Short is Good and Children's Films
An image from the film "Warp"
The lineup of shorts selected from festival entries from around the world promises to introduce audiences to innovative cinema from many different countries. "Bath House" (Niki Lindroth von Bahr, 2014, Sweden); "Listen" (Hamy Ramezan, Rungano Nyoni, 2014, Denmark, Finland); "Rhizome" (Boris Labbe, 2015, France); "The Jungle" (Doğu Akal, Onur Saylak, 2015, Turkey), "Architecture" (Ulu Braun, 2015, Germany); and "Oh Lucy!" (Atsuko Hirayanagi, 2014, Japan, Singapore, U.S.) will be screened on Nov. 28 and Nov. 30.
The second program consists of "Down to Earth" (Anna Vasof, 2014, Austria); "Smile, and the World Will Smile Back" (Al-Haddad Family, Ehab Tarabieh, Yoav Gross, 2014, Israel, Palestine); "Revulshk!" (Julia Bouteville, 2014, France); "Dinner for Few" (Nassos Vakalis, 2014, Greece, U.S.); "Mother Virgin No More" (Derya Durmaz, 2015, Turkey); "Symbolic Threats" (Mischa Leinkauf, Lutz Henke, Matthias Wermke, 2015, Germany); "Tehran-Geles" (Arash Nassiri, 2014, France); "Tuesday" (Ziya Demirel, 2015, Turkey, France); and "Duty" (Angel Manzano, 2015, Spain) will be screened on Nov. 29 and Dec. 2.
This year's Children's Films come from Norway. "Pupil's Concert" (Jan Otto Ertesvag, 2009); "Fishing with Sam" (Atle S. Blakseth, 2009); "Jump" (Yngvild Sve Flikke, 2009); "Pl.ink!" (Anne Kristin Berge, 2010); "Warp" (Kristian Kim Larsen, Simon Furdal, 2012); "The Cowboy - In Color" (Trygve Nielsen, 2013); and "The Marathon Diary" (Hanne Berkaak, 2015) will be screened on Nov. 27, Nov. 30 and Dec. 1.
Admittance to the Short is Good and Children Films sections are free of charge.
Best of World Cinema
An image from the film "Koza"
As one of the main sections of the Festival on Wheels, World Cinema continues this year by bringing audiences a pick of the newest and most remarkable films from countries from around the world.
One of several films that will premiere in Turkey at the Festival on Wheels is "Extraordinary Tales," which promises to appeal as much to movie buffs as to fans of Edgar Allen Poe. With award-winning Spanish animator Raul Garcia in the director's chair, the film revisits five of Poe's best-known stories, giving each one a different style to uniquely match its mood. In so doing, he effectively captures the intensive horror for newbies, in particular the young adult audiences the film is aimed at.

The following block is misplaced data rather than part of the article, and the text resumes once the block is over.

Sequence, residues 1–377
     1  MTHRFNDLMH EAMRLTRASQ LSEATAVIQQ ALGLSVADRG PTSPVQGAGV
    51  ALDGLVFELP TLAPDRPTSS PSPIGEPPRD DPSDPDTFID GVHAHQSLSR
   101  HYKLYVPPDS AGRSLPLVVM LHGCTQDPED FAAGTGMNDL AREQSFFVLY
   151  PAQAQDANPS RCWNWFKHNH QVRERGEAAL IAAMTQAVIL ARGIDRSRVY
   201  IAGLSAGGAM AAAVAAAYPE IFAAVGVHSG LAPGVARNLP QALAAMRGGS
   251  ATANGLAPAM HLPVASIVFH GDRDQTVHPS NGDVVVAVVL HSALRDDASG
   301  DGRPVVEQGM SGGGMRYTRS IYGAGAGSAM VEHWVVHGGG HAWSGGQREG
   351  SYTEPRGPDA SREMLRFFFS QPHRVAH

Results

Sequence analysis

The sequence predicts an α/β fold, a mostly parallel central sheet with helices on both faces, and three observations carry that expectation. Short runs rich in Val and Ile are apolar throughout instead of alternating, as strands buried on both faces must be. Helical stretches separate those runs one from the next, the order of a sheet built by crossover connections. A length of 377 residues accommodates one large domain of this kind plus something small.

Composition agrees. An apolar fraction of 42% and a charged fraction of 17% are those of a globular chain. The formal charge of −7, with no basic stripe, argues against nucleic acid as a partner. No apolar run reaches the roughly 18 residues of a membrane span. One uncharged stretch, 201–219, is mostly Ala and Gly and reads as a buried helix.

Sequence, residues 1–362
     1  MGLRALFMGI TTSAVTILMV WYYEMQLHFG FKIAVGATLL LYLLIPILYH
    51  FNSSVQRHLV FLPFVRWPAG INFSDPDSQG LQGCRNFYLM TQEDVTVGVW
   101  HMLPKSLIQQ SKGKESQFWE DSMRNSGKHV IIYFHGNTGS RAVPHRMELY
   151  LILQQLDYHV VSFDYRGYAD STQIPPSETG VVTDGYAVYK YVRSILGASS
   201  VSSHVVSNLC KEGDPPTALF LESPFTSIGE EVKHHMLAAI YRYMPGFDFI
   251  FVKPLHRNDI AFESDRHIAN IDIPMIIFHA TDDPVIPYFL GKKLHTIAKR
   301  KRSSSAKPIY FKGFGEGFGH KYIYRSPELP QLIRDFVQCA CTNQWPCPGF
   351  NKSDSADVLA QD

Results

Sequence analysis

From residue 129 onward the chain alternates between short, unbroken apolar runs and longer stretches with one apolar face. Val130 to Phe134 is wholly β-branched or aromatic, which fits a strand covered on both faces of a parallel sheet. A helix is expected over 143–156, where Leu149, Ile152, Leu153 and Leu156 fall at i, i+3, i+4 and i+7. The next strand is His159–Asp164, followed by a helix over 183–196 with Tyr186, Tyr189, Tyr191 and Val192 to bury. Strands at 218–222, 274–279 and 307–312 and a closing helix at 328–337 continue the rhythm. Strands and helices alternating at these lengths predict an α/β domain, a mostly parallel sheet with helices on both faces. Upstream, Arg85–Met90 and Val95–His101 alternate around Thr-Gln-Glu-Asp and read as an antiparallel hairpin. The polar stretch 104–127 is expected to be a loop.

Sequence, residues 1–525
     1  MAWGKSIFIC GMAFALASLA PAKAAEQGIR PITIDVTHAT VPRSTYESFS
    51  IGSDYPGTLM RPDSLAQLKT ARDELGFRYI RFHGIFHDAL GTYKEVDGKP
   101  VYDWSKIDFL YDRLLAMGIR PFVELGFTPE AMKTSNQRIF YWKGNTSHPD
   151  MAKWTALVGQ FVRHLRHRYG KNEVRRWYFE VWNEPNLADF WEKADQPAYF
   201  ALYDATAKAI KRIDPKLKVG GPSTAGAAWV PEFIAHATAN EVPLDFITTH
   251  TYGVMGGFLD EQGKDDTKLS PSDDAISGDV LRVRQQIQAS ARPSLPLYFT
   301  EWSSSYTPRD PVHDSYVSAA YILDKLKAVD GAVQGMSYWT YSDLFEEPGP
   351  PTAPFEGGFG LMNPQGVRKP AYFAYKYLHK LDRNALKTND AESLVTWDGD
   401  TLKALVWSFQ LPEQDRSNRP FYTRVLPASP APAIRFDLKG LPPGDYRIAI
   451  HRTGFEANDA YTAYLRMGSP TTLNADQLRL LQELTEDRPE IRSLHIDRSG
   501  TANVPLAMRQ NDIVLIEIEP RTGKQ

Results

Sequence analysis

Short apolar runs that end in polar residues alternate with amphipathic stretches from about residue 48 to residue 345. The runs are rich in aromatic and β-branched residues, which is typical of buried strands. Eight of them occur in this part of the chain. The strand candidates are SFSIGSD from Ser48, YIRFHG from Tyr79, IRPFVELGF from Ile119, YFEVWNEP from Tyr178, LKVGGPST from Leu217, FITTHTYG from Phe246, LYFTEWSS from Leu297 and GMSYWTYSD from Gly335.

"Our Everyday Life" comes from female Bosnian director Ines Tanovic. Exploring the struggles of the post-war country through its focus on a typical middle-class family, the drama has been selected to represent Bosnia-Herzegovina in the foreign language film category at the Academy Awards next year.
Directed by Slovak filmmaker Ivan Ostrochovsky, "Koza" tells the story of a retired Roma boxer who returns to the ring in the hope of keeping his family together. The film has also been selected as Slovakia's submission for the Foreign Language Film category at the upcoming Academy Awards.
As Brazil's Academy Award entry this year, "The Second Mother" picked up the Special Jury Prize for Acting at the Sundance Film Festival, followed by the Panorama Audience Awards at the Berlinale. With Anna Muylaert in the director's seat, the film recounts the events that unfold when Val, a live-in housekeeper for a wealthy family, is faced with the sudden appearance of her estranged daughter who is preparing to take university entrance exams. Compared with similar fare from the last year or so, "The Second Mother" stands out as one of the starkest and most striking portrayals of class conflict.
Also featured in this year's World Cinema line-up is Santiago Mitre's Argentine production "Paulina," which took the Critics' Week Grand Prize and FIPRESCI Prize at the Cannes Film Festival. The drama focuses on the story of the title character, Paulina, who ditches a promising career to teach in one of Argentina's poorer regions and struggles to adapt to and understand local dynamics.
Another standing-out film is "Tikkun," which also premieres in Turkey at the festival. Picking up awards at the Locarno and Jerusalem Film festivals, the story centers on Haim, an Orthodox Jew from Jerusalem, who begins to question his faith after collapsing and passing out in the bathroom.
Paolo Sorrentino's "Youth" comes as the follow-up to his Academy Award-winning love letter to Rome, "The Great Beauty," and this latter film is in and of itself a love letter to wasted time, missed opportunities and fleeing lovers. Rich in humor, "Youth" follows retired composer Fred, played by Michael Caine, on holiday with his film director friend Mick (Harvey Keitel). Premiering at Cannes, "Youth" is enhanced by a strong cast that includes Rachel Weisz, Jane Fonda and Paul Dano.
"Cemetery of Splendor" from the Palme d'Or-winning Thai director Apichatpong Weerasethakul brings to the screen the story of Jenjira, a lonesome housewife. Jenjira does her best to nurse back to health a group of soldiers afflicted by a mysterious sleeping sickness. During her time at the clinic, she grows closer to Keng, the medium who uses his psychic powers to bring the sleeping soldiers into contact with their families. The film weaves together reality, elements of fantasy, dreams, ghosts and the subconscious.